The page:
UK children exposed to online violence, urgent action needed

Children in Britain are encountering violent online content, including material promoting self-harm, even as young as primary school age, according to recent research released on Friday. This alarming trend highlights the pressing need for global governments and tech giants like Meta (owner of Facebook, Instagram, and WhatsApp), Google (YouTube), Snap Inc. (Snapchat), and ByteDance (TikTok) to implement robust safeguarding measures, particularly for minors.

Last October, Britain enacted legislation imposing stricter regulations on social media platforms, mandating measures to prevent children from accessing harmful and age-inappropriate content through age limits and verification processes. However, the enforcement of penalties by Ofcom, the regulatory authority, awaits the development of codes of practice to implement these measures.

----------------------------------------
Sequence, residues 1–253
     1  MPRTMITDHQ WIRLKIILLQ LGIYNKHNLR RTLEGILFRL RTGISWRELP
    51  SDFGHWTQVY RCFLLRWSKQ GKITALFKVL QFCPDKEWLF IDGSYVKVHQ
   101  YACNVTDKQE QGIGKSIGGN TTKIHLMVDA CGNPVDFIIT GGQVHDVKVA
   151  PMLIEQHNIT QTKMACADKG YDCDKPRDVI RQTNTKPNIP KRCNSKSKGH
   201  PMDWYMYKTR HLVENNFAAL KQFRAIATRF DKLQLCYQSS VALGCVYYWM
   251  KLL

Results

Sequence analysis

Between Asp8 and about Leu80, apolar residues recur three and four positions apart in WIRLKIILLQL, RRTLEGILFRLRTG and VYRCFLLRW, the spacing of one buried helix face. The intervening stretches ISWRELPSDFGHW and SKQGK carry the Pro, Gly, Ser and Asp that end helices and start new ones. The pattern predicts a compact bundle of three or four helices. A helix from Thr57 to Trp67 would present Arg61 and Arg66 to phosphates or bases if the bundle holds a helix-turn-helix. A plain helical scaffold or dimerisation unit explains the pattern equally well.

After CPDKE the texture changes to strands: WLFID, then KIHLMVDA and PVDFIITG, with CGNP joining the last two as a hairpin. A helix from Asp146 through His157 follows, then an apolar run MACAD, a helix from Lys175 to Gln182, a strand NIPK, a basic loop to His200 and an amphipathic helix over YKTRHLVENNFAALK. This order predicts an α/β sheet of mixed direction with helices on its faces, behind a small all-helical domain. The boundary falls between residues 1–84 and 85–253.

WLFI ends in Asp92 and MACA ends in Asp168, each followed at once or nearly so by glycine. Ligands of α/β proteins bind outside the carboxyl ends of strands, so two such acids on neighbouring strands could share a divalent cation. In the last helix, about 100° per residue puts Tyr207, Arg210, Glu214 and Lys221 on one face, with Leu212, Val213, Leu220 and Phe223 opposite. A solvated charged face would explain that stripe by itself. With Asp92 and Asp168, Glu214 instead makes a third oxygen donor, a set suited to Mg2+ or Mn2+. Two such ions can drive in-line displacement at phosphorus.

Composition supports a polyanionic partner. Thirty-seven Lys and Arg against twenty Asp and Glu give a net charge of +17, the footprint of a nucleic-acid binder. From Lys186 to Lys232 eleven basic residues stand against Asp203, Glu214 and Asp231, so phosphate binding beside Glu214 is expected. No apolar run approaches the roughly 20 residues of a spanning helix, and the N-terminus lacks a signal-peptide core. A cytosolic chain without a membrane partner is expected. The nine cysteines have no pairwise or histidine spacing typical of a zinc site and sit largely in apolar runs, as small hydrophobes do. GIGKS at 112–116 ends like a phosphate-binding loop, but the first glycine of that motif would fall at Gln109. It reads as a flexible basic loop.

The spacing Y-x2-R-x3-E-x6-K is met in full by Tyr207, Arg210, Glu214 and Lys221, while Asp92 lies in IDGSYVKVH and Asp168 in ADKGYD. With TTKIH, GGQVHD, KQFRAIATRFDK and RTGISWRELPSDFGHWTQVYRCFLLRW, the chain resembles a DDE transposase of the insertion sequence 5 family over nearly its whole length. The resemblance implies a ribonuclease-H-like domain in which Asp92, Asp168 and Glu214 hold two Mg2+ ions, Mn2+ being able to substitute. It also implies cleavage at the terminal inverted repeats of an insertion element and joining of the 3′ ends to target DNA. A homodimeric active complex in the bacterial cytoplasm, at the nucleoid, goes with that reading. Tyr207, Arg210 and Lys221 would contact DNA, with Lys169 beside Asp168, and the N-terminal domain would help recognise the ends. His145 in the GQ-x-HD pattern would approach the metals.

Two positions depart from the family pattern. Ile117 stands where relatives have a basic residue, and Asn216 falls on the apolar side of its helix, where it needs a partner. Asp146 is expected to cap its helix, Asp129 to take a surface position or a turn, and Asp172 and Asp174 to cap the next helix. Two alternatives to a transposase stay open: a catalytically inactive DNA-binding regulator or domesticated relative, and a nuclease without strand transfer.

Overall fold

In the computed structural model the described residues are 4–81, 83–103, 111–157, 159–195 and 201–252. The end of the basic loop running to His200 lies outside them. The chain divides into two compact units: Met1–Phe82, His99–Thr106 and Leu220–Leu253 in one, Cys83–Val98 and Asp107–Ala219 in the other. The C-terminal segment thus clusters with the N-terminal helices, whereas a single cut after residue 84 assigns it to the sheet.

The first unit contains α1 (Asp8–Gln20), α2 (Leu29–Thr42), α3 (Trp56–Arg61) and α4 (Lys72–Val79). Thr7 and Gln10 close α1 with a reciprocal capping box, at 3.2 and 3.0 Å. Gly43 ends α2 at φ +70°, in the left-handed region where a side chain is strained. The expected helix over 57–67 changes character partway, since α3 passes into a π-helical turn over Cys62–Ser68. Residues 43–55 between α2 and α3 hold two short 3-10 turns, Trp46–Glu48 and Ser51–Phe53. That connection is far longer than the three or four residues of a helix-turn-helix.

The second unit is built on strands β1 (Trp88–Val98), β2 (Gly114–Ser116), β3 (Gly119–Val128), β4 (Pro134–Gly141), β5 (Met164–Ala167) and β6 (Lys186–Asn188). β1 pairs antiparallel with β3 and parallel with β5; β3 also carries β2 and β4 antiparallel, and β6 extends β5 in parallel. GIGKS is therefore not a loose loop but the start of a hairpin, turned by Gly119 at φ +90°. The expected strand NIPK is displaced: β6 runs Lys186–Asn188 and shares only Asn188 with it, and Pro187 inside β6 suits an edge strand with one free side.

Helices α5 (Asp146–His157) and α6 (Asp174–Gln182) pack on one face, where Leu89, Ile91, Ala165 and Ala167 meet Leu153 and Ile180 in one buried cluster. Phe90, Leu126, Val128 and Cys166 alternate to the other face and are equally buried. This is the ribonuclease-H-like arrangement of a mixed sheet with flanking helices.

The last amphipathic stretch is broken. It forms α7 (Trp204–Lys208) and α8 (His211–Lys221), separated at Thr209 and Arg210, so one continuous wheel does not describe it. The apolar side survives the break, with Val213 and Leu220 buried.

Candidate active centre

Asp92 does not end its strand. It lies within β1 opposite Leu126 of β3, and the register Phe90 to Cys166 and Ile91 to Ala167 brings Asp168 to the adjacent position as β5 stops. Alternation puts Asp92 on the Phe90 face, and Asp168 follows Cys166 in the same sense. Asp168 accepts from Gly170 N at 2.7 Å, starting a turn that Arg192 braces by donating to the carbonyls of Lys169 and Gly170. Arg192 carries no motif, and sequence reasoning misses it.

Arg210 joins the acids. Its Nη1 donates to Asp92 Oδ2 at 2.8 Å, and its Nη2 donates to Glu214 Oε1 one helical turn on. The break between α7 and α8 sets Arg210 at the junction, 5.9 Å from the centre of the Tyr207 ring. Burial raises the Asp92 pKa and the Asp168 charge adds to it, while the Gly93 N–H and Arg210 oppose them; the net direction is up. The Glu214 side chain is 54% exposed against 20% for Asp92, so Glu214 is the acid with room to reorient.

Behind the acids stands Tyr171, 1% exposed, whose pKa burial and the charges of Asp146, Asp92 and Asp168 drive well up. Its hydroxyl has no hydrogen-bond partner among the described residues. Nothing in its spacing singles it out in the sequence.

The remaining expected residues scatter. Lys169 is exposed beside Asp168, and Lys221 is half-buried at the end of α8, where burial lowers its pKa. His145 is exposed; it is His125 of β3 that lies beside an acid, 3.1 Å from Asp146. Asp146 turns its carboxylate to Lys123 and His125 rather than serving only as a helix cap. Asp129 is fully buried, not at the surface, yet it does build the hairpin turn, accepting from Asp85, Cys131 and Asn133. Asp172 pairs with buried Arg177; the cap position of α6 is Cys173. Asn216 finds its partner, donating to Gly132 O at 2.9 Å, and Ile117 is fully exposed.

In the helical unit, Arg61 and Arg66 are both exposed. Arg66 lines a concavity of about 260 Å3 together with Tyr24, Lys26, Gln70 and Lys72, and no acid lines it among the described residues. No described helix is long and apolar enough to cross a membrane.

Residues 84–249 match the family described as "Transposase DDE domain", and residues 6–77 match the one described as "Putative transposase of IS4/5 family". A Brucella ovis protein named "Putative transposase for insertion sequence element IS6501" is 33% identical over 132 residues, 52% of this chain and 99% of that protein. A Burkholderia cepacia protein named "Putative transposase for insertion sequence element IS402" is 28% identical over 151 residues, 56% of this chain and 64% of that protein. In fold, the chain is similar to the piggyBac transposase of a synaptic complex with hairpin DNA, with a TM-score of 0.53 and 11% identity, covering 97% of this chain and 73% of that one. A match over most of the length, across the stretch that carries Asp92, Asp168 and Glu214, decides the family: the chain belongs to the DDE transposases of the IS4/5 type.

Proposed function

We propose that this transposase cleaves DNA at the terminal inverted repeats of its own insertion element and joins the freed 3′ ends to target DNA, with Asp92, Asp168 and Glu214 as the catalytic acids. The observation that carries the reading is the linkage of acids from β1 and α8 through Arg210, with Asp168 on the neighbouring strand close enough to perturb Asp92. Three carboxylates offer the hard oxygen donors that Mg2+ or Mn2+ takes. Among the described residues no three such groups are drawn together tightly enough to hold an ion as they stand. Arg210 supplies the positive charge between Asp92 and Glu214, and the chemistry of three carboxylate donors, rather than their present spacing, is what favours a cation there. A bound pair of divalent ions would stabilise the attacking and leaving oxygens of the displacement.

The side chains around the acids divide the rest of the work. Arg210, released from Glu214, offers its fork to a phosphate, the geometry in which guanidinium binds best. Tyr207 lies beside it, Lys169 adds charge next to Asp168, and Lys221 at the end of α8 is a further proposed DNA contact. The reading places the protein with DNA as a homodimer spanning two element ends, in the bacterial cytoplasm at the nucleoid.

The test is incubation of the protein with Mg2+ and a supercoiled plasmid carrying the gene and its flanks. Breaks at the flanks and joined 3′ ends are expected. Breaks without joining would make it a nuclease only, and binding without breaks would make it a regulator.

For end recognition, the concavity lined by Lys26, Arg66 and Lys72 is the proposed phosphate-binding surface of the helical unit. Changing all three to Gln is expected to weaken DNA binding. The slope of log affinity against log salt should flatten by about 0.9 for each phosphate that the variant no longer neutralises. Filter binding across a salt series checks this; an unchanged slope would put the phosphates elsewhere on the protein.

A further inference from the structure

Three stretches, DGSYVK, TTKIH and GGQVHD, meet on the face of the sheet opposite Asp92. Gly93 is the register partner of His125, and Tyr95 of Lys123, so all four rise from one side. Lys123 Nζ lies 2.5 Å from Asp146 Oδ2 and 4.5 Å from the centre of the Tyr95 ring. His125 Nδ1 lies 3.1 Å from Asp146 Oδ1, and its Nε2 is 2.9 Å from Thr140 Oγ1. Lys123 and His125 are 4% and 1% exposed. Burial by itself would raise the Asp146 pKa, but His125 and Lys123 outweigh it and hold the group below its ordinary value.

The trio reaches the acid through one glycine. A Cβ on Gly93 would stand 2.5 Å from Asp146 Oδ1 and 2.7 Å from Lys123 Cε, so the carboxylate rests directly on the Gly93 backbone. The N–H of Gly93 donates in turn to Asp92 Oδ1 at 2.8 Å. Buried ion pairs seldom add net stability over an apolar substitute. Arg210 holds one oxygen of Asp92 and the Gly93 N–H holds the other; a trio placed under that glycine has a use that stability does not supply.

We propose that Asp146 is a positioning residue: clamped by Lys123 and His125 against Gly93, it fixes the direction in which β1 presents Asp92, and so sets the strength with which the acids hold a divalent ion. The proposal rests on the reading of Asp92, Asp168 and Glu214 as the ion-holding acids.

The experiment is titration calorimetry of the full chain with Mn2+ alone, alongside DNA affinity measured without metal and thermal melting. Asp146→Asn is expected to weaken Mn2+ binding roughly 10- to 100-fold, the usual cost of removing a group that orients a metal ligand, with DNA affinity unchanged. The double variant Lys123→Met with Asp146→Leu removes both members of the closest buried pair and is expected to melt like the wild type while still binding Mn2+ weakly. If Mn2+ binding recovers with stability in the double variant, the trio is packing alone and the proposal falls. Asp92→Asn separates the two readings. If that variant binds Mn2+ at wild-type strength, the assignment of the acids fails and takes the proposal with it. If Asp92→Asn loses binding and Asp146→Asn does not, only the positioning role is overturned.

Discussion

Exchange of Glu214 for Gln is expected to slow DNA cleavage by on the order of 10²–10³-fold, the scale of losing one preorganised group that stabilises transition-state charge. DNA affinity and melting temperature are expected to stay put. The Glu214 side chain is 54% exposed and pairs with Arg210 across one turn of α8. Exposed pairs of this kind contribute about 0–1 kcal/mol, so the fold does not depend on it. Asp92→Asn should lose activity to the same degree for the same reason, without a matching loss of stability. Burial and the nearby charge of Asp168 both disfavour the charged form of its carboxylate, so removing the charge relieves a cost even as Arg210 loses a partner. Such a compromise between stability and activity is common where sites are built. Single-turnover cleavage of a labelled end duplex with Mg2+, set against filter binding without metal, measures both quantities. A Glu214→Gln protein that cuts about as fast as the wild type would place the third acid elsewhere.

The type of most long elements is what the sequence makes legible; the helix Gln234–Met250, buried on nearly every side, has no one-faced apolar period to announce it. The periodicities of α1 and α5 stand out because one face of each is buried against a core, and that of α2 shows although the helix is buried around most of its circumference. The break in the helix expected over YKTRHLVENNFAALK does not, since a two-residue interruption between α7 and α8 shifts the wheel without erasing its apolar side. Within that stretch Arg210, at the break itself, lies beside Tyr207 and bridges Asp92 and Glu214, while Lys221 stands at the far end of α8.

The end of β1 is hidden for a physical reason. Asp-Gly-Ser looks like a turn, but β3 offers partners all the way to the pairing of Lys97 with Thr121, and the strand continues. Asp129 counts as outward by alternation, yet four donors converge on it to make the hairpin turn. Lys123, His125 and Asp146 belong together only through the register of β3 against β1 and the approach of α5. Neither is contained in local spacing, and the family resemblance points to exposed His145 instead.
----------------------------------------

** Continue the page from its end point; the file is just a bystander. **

Messaging platforms, led by WhatsApp, have voiced opposition to certain provisions in the law, citing concerns about potentially compromising end-to-end encryption. The research, commissioned by Ofcom and conducted between May and November, surveyed 247 children aged between 8 and 17. It revealed that children primarily encountered violent content through social media, video-sharing platforms, and messaging apps.

Ofcom’s statement emphasized findings from the research, indicating that children often felt powerless over the content suggested to them and lacked a comprehensive understanding of recommender systems, commonly referred to as “the algorithm.” Ofcom’s Online Safety Group Director, Gill Whitehead, stressed the urgency for tech firms to take action to fulfill their child protection obligations under new online safety laws. Ofcom intends to consult on measures to ensure children have a safer online experience tailored to their age appropriateness.